With kids spending more time online while at home, there are increased chances that your child may discover online pornography unintentionally or may go looking for it.
How can I protect my child?
- Set some ‘house rules’ — have an age appropriate discussion about the issue with your children and talk about where and when it is OK to use computers and devices.
- Stay engaged — talk regularly and openly with your child about what they are doing online — this helps build trust.
- Use the available technology — take advantage of the parental controls available on devices and ensure the ‘safe search’ mode is enabled on browsers.
- Build resilience — talk about sexualised content as this can help young people process what they come across online and reinforce the importance of consent and respectful relationships.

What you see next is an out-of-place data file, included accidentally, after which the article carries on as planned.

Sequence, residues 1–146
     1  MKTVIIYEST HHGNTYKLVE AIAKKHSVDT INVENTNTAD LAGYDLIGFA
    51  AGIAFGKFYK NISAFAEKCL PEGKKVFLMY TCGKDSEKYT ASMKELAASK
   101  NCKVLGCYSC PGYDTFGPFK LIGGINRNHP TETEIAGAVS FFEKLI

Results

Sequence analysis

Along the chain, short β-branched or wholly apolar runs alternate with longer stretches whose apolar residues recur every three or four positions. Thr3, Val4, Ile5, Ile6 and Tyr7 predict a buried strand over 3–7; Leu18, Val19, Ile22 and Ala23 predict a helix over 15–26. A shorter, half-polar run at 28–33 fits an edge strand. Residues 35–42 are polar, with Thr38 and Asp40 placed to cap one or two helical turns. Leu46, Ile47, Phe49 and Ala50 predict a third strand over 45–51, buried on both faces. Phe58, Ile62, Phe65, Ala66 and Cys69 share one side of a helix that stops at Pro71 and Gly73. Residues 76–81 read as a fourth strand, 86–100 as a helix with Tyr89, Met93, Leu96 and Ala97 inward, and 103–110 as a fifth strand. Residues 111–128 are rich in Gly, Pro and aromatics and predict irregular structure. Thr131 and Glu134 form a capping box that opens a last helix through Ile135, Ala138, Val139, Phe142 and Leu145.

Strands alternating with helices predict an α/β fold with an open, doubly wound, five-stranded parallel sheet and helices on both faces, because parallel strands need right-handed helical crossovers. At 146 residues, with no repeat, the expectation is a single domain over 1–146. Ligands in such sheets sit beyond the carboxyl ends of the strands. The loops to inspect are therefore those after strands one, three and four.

- Consider raising the subject of pornography yourself — parenting experts recommend starting the conversation early (by the time they are around 9 years old) to help protect them from the potential impacts of coming across it accidentally. Every child is different, so decide when you think it is right to raise the subject with your child
- Take a long-term view — reinforce that if your child does see something they do not understand, they can come and ask you about it.
What can I do if my child has found pornography online?
- Stay calm — thank them for being brave enough to let you know and reassure them that you will sort it out together.
- Listen, assess, pause — ask your child how they found it, where it happened, who (if anyone) showed it to them and how they felt when they saw it. Resist the urge to give a lecture.
- Reassure your child they are not in trouble — try not to remove your child’s device or online access completely, as they will see it as punishment.
- Be sensitive to how they feel — it is important to talk with your child about how the content made them feel. Encourage them to talk to you about any questions they have.
- Talk about the importance of consent and respect in relationships — talk about the importance of always having permission to touch, hug or kiss another person.